10 Firstly, it is not possible for us to accept that the present case will fall in the second category. So long as the legislature does not step in, it is not possible to accept the contention that the offence governed by section 377 of the Indian Penal Code is not a serious offence and that it will not have any impact on the society. We must also note here that an offence under section 377 of the Indian Penal Code is punishable with imprisonment for life or with imprisonment of either description for a term which may extend to 10 years. Therefore, even in case of a genuine settlement, it will not be open for this Court to exercise the power under section 482 of CrPC in case of an offence punishable under section 377 of the Indian Penal Code only on the ground of settlement. In a given case, it can be done on merits.
11 Even assuming that the case will fall in the second category, it will have to be established before the Court that there is a complete settlement between the victim and offender. Therefore, the Court is entitled to know the particulars of the settlement. In the Affidavit of the second Respondent, there is only a bald statement that the dispute with the Applicant has been settled. Unless the Court is satisfied that there is a settlement within four corners of law between the offender and the victim, the law led down by the Apex Court in the case of Gian Singh vs. State of Punjab & Another will not apply. Only on the basis of a bald statement of the first informant or victim that there is a settlement, the power under section 482 of CrPC cannot be exercised. This Court has to be satisfied that there is a settlement. If this Court starts accepting bald statements about the settlement of the dispute between the victim and the offender without satisfying itself about the genuineness of the settlement, in a case where charge-sheet is filed, virtually a choice will be available to the first informant to come to the High Court and seek quashing of the offences as per his whims and convenience. What the Apex Court has held is that offences which are not serious offences and which are having pre-dominatingly civil flavour or offences arising out of mercantile or matrimonial disputes can be quashed, provided there is a settlement between the offender and the victim. Only because at a certain stage the first informant feels that he does not want to prosecute the case, the power under section 482 of CrPC cannot be exercised. Even in case of offences arising out of matrimonial disputes, before exercising power of quashing on the ground of compromise, this Court has to satisfy itself that in fact there is such a complete compromise of matrimonial dispute. In the present case, we cannot take bald statement of the first informant for its face value in absence of any particulars of settlement.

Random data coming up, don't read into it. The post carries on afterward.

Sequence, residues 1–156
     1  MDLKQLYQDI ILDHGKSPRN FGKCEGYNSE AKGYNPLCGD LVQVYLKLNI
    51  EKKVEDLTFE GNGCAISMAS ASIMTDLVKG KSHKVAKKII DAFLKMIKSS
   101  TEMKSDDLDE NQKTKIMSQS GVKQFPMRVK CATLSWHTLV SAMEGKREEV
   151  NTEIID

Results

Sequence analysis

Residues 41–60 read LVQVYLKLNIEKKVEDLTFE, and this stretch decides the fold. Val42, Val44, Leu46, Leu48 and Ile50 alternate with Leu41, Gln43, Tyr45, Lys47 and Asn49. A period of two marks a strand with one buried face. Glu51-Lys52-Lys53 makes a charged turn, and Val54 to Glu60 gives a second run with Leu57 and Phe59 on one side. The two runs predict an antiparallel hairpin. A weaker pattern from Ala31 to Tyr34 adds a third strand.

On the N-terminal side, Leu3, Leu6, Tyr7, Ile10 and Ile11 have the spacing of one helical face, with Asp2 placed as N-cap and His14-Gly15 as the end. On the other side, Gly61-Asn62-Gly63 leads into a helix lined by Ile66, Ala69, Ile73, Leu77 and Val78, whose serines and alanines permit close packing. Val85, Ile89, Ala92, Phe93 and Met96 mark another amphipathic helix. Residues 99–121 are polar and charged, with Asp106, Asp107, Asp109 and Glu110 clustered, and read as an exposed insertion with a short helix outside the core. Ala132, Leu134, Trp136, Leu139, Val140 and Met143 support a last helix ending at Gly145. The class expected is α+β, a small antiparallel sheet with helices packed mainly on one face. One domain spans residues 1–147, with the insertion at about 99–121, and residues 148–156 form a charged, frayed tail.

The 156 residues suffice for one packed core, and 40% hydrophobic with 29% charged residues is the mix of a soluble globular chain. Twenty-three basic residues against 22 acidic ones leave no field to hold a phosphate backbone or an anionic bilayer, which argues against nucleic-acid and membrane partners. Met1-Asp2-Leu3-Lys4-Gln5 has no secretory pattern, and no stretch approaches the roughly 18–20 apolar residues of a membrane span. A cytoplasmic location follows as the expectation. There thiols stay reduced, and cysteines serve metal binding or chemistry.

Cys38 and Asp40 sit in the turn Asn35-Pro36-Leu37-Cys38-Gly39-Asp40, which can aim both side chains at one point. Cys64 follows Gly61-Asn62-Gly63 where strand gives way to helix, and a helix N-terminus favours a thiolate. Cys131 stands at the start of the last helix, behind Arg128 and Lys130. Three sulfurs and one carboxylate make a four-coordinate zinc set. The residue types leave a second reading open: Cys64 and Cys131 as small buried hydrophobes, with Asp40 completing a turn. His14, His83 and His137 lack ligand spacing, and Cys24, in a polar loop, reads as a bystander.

12 Reliance placed by the learned Counsel appearing for the Applicant on the decision of the Uttarakhand High Court will not help him for more than one reason. Firstly, the dispute was between the husband and wife wherein offence was registered at the instance of wife alleging commission of offences punishable under sections 498-A and 377 of the Indian Penal Code. This was a case where there was a complete settlement of the matrimonial dispute and that is why the learned Judge of the Uttarakhand High Court followed the law laid down in the case of Gian Singh vs. State of Punjab & Another. We must note here that even the subsequent decision of the Apex Court in the case of Narinder Singh & Ors. vs. State of Punjab & Anr.4 does not make a departure from the law laid down in the case of Gian Singh vs. State of Punjab and Another.
13 It is sought to be pointed out that the larger Bench of the Apex Court may reconsider its view in the case of Suresh Kumar Koushal and another vs. NAZ Foundation and others. In case of that eventuality of the Apex Court holding section 377 of the Indian Penal Code as unconstitutional, obviously the prosecution will not survive.
14 Lastly, after making the submissions, the learned Counsel appearing for the Applicant made an attempt to seek leave to withdraw the Application. We must note here that we have heard the submissions in some detail and at this stage, we cannot permit the Applicant to withdraw the Application.
15 Accordingly, there is no merit in the Application and the same is rejected. We, however, make it clear that no adjudication is made on the merits of the controversy and observations made by this Court regarding the nature of offence are only for the limited purposes of considering the prayer for quashing on the basis of alleged settlement. None of these observations shall be construed as any observation which will influence the trial Court during the trial.
(A.A. SAYED, J.) (A.S. OKA, J.)